I’ve been answering a lot of emails from people who have recently read about the red/near infrared lights and Parkinson’s disease.
The stories have given hope, and justifiably so, as the case reports have shown that red and near infrared light can help PD symptoms.
But expectations must match the reality of red and near increased lights.
Red and near infrared light will NOT cure Parkinson’s disease.
Red lights will not magically return people to their previously healthy selves.
Red lights will not take the place of PD medication.
Red lights will not create immediate improvements.
In different people, depending on the degree of the disease and their general health, the lights will have variable effects. These effects occur slowly and subtly over time.
Any improvements, however small are worth having, but they do not occur speedily nor dramatically.
I would ask that you temper your expectations.
Maintain hope, but do not expect miracles for you will be disappointed.
I’ve been contemplating the DIY red light hats I’ve seen. Some are brilliant, made with artistry and an aesthetic balance that is breathtaking. Some are, um, not so magnificent to behold. Does appearance matter? Not really.
It is not the beauty, it is the function.
If the DIY light hat is heavy, hot, oppressive or worse, covers the face, it is not going to be comfortable to wear, no matter how elegant it looks.
If it is a physical burden to wear the light hat, then it is unreasonable to expect anyone to take on such a daily commitment of misery.
Comfort is the key to any DIY light device.
Here is the List of Nots:
- Not heavy
- Not hot
- Not oppressive
- Not covering the face
- Not difficult to balance on the head
- Not physically awkward or painful to wear for 20-odd minutes at a time
The User of the device must always have the final say.
If the User finds the light hat distressing or uncomfortable wear, the User can and should refuse to use it.
The User’s opinion is final.
I know that this term has been recently used in conjunction with red lights which is a pity. While it might make a thrilling moment on television, it gives a very inaccurate and misleading picture of how red lights work.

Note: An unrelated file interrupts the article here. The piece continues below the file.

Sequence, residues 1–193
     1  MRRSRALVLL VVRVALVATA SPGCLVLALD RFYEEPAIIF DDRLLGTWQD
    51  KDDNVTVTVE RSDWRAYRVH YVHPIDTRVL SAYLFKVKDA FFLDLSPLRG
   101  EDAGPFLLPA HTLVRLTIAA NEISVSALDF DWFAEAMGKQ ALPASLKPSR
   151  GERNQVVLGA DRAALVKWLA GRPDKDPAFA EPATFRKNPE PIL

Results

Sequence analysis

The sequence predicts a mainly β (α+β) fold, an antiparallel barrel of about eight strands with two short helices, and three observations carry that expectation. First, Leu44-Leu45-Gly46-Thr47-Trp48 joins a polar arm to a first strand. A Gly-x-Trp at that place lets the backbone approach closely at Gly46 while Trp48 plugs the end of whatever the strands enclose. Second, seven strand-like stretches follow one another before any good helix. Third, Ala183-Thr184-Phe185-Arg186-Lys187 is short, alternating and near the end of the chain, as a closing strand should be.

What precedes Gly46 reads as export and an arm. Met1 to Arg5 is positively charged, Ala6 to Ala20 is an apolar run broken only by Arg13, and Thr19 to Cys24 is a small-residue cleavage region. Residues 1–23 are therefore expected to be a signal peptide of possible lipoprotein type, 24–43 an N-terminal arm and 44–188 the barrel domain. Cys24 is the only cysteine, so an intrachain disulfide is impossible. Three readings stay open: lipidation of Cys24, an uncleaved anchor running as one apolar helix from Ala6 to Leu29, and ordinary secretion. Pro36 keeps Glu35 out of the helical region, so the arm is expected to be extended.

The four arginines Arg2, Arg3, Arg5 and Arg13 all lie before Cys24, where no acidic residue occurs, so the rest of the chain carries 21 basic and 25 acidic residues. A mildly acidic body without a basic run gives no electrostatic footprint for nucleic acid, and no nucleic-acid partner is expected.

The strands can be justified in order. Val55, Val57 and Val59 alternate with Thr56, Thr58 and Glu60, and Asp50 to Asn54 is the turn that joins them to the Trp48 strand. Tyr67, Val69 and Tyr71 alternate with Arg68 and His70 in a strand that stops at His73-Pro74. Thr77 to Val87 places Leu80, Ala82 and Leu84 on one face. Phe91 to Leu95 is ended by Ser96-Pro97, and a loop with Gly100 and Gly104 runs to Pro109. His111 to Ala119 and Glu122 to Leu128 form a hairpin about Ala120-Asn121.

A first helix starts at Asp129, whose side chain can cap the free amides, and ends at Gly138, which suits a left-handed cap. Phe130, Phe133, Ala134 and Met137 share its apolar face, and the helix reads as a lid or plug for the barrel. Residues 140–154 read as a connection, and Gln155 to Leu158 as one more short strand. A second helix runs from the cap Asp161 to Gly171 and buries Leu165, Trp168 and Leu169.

Even worse, it raises unnecessary fears.
The answer: red lights won’t fry your brains.
If you follow the guidance given in this blog, you’ll notice that there is occasional mention of heat, because some LED strips can get warm. And anything warm on your head can be uncomfortable.
This is easily avoided by making yourself a light hat that is open and not closed in – the Cossack is the best DIY design.
If you have looked at the availability of rolls of red and near infrared LED lights, you will see that there is a bewildering array, between orangey-red (630nm) to out of the visible spectrum so that you can’t see it at all (940nm).
So what, you ask. Surely it doesn’t matter? Surely red light, near infrared light – it’s all the same? One wavelength is as good as another?
Wavelength matters – please be cautious!
I’ve been corresponding with lots of people over the last week. In my response, I always ask whether the query is for uncomplicated Parkinson’s disease, or for PD complicated by another neurodegenerative process. I’m not asking because I’m being nosey – the question is really important.
Continue reading “What wavelength is best for my condition?”
It’s wonderful to hear from people making their own light hats. Keep them coming, and please send me photos to post on the blog. I love the creativity people bring to it.
Some important things to remember:
1. 12 volts only. No more than 12 volts, ever.
2. When you search for LED strips, and all the bibs and bobs needed, always choose the 12 volt versions.
3. My experience is that the visible red spectrum (especially 650-670nm) seems to be loved by cells anywhere in the body.
4. But the almost-visible near infrared 810-850nm wavelengths don’t work for every neurodegenerative condition.
5. When in doubt, stick to the visible red, preferably a gorgeous dark red.
I had a really good question from a blog reader today about why I recommend the Cossack design.
Look at the instructions for DIY light hat devices, and the photos of both devices, and you’ll see that Eliza is all enclosed, with a few holes at the top, and is lined with reflective foil, whereas Cossack is very open, lots of ventilation, no reflective foil. Continue reading “Eliza vs Cossack”